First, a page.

A double-edged sword
While sexual harassment in universities is mostly viewed from the angle of male philandering lecturers running after female students, little is often spoken about female students deliberately seducing male lecturers, mainly for better grades.
A lecturer at LASU who spoke on condition of anonymity said some female students offer themselves to lecturers.
“If people know what we go through; the number of times lecturers send female students out of their offices. I know cases of students who have volunteered to even pay for a room in a guesthouse.”
Mr. Odinkalu, himself a former lecturer, admitted female students were increasingly harassing their lecturers.
“This may not be fashionable but sexual harassment in universities is a two-way thing. Many lecturers prey on student but some students also do prey on lecturers. And I think it’s necessary to acknowledge this. As I said, it’s not fashionable. I’m not going to win a lot of brownie points for saying this,” he said.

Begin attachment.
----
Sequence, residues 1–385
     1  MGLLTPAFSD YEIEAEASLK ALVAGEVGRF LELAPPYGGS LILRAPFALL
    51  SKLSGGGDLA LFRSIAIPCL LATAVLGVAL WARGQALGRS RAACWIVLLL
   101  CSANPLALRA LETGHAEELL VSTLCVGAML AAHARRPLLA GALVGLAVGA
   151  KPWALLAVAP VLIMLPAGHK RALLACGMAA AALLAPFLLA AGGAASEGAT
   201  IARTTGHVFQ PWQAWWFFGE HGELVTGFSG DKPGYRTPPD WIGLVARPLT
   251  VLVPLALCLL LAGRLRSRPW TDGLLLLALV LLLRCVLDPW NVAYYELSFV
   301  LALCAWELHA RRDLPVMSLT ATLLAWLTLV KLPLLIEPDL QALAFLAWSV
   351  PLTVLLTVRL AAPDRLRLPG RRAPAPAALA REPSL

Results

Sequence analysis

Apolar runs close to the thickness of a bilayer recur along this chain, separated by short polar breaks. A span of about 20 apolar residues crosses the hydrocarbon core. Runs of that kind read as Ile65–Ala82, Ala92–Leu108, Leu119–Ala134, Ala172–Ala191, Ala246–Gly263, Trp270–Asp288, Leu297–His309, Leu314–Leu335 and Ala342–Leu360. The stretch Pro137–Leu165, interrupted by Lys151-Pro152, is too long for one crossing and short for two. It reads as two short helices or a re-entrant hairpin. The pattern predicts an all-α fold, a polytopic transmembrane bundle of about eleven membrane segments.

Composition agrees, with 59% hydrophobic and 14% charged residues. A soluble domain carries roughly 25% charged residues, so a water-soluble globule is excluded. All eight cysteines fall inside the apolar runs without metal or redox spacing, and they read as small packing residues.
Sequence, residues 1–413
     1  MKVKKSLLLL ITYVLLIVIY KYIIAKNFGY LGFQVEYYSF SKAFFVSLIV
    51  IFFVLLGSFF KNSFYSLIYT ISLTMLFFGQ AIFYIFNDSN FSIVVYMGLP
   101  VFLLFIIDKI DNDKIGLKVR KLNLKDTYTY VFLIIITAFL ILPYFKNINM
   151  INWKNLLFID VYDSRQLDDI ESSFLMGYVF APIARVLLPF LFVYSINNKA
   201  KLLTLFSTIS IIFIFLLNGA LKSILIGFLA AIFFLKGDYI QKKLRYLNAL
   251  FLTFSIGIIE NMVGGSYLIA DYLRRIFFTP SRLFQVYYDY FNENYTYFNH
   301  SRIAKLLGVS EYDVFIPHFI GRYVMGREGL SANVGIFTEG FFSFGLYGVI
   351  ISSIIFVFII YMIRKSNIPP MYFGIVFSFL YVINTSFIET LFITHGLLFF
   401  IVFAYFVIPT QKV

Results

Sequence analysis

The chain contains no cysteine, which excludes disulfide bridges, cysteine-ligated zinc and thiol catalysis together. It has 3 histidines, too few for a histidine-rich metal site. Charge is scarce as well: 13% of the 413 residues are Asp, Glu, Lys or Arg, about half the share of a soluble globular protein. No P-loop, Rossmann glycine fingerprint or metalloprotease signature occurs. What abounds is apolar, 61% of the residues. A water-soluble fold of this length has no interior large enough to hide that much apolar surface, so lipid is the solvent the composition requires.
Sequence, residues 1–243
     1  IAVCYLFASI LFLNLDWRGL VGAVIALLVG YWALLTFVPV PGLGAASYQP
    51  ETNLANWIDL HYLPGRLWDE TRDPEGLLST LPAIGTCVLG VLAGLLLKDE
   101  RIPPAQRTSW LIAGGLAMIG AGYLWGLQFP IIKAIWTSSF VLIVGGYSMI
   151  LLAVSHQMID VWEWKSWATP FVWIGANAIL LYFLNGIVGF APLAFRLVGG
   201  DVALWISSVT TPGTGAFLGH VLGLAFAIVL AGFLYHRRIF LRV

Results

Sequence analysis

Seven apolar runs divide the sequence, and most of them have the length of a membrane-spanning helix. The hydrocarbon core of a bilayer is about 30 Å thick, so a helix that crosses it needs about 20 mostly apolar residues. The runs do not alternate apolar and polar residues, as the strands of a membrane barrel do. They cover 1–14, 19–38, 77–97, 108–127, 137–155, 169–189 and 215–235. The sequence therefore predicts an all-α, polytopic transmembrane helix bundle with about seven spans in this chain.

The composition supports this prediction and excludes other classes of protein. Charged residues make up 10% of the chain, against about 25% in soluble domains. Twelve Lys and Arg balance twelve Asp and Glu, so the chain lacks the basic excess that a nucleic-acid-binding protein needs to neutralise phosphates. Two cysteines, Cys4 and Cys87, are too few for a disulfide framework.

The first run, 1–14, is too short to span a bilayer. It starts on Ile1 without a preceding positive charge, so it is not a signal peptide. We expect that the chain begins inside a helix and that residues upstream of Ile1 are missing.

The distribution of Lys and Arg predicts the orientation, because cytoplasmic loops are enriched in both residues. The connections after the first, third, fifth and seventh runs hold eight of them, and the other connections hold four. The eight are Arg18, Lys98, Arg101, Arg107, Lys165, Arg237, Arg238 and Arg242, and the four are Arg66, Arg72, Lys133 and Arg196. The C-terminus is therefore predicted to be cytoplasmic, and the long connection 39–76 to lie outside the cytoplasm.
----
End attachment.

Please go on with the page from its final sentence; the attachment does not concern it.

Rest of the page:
Mr. Idris said one thing several universities are doing is to discourage female students from dressing provocatively.
“The female also sexually harass us in the classroom. You’re teaching or conducting exam and when you look up all the breasts you have in the lecture hall are all exposed to you. You are invigilating and as you’re moving around half of all the buttocks are all exposed to you by all the bare bottom trousers they are wearing,” he said.
Support PREMIUM TIMES' journalism of integrity and credibility
Good journalism costs a lot of money. Yet only good journalism can ensure the possibility of a good society, an accountable democracy, and a transparent government.
For continued free access to the best investigative journalism in the country we ask you to consider making a modest support to this noble endeavour.
By contributing to PREMIUM TIMES, you are helping to sustain a journalism of relevance and ensuring it remains free and available to all.
TEXT AD: Call Willie - +2348098788999